It all began in Höhr-Grenzhausen in 1600, with salt-glazed stoneware, which still forms the backbone of this little Westerwald town’s global reputation as a centre for ceramics. Back then, potters from the Rhineland region and Lothringen settled in the Westerwald to get to know the source of the material better: The clay from the Westerwald has properties that are excellent for the production of stoneware.
Today, not only are there lots of little potteries in and around Höhr-Grenzhausen, there is also a ceramic training and research centre and the largest ceramics museum in Europe. Here, you can find out lots about the long history of the bluey-grey stoneware, traces of which can be found almost everywhere in the world. Even in Africa.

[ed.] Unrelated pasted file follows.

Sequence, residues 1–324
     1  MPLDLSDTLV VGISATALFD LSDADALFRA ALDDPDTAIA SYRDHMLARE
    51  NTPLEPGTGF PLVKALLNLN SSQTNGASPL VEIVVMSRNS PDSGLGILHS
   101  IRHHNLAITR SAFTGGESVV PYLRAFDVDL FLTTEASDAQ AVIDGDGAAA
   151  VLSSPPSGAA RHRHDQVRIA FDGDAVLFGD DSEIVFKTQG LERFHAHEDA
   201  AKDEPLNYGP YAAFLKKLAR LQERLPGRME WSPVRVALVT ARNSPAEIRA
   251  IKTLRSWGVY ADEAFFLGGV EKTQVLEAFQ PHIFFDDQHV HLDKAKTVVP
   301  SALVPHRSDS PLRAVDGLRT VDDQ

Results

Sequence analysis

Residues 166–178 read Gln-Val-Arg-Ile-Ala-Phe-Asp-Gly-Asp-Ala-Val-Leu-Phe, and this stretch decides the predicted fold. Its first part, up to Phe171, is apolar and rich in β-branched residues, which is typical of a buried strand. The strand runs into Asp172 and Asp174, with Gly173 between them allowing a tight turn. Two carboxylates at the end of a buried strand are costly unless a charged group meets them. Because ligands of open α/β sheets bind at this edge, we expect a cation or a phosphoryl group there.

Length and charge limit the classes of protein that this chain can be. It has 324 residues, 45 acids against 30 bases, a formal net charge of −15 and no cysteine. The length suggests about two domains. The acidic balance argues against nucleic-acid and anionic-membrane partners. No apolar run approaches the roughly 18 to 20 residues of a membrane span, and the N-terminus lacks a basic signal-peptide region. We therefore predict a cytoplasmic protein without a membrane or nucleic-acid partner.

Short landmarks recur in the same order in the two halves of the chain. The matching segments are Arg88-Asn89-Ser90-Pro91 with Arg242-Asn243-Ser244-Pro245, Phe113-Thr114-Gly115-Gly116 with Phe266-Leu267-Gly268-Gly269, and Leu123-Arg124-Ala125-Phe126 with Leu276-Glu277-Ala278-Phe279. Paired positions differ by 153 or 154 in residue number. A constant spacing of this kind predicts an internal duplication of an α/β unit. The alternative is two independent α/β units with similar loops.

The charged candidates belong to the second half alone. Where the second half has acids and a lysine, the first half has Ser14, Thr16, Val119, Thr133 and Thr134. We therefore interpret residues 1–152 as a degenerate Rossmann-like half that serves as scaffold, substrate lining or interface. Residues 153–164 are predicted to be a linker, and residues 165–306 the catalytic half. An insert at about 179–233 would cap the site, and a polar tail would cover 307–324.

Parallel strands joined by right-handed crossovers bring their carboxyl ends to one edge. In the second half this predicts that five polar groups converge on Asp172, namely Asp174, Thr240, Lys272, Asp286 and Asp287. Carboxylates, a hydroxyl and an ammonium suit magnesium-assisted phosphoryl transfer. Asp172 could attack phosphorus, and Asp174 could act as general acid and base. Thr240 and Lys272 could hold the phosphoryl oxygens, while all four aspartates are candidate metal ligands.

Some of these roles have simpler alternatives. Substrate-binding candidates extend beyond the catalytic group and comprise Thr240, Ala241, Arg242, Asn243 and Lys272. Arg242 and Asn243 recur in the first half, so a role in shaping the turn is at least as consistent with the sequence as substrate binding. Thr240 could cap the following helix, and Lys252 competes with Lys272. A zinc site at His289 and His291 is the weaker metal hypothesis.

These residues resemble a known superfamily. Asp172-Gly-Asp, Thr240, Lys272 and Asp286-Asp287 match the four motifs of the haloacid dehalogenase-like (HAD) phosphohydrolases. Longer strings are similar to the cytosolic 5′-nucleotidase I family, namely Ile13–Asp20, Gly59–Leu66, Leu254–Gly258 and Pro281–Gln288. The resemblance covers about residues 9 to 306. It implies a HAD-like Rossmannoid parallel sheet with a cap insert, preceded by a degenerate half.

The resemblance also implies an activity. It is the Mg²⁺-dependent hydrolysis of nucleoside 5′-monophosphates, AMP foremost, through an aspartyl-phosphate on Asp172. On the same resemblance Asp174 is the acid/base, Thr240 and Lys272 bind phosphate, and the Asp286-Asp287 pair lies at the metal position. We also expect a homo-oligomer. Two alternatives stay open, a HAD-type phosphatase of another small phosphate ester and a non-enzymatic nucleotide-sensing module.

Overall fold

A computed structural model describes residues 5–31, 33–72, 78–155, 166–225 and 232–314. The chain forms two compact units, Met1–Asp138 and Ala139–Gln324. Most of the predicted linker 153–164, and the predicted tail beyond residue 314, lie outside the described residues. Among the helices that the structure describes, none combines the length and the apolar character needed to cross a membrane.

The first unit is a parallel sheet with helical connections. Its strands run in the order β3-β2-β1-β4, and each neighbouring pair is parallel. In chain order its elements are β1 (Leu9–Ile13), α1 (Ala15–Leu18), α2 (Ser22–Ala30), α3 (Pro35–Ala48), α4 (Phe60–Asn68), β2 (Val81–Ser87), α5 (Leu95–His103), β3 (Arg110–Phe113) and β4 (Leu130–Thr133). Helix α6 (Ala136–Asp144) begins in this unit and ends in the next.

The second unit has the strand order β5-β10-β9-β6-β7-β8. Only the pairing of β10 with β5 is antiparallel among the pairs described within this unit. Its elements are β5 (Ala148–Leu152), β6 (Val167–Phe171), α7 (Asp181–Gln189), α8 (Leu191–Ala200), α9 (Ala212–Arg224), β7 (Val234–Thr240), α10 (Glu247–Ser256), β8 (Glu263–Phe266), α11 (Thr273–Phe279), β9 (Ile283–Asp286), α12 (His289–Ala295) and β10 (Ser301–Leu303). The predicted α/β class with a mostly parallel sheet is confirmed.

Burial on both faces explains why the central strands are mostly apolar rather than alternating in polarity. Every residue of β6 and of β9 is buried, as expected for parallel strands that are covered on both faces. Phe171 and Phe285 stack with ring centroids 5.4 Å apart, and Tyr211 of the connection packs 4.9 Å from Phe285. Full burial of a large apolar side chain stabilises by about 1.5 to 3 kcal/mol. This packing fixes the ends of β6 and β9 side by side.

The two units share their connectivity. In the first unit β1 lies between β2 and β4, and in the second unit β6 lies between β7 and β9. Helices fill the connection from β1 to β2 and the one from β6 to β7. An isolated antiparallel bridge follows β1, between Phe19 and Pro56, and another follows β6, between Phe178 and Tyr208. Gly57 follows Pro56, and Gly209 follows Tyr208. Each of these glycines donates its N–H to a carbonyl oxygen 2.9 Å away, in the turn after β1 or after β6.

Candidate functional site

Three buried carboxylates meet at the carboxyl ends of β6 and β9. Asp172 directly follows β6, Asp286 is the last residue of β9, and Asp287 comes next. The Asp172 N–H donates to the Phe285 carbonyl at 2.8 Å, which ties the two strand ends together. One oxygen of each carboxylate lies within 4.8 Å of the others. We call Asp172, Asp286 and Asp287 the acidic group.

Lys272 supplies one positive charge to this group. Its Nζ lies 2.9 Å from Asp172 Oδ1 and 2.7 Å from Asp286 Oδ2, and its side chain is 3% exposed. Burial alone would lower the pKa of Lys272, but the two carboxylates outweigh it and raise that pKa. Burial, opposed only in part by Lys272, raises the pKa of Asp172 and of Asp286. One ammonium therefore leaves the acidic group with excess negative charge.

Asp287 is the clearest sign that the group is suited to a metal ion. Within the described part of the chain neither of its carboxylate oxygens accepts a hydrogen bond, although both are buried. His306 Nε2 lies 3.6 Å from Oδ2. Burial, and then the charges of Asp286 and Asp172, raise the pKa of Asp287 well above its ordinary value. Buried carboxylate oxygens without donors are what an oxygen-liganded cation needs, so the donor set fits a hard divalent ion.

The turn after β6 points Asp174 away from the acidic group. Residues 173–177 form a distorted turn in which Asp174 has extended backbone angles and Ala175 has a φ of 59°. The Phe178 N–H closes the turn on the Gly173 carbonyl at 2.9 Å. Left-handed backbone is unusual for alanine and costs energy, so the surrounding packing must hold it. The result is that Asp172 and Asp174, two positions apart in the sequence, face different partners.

Arnette Zeischka-Kenzler, an archaeologist who also works at the ceramics museum in Höhr-Grenzhausen, explains the travels of Pastor Leonhard Meurer who visited many West African countries in the late sixties and onwards, and kept coming across Westerwald stoneware. He asked the owners in remote villages on the Ivory Coast, in Ghana and Burkina Faso and found out that only tribal elders, kings and those in privileged positions were allowed to drink from these vessels. They were gifts from European traders or given in exchange for gold, spices or ivory.
The jugs have been passed down from generation to generation and can never be sold, as they believe this would bring bad luck on the family. Their ancestors would be more likely to forgive them for exchanging them, for medication, for example.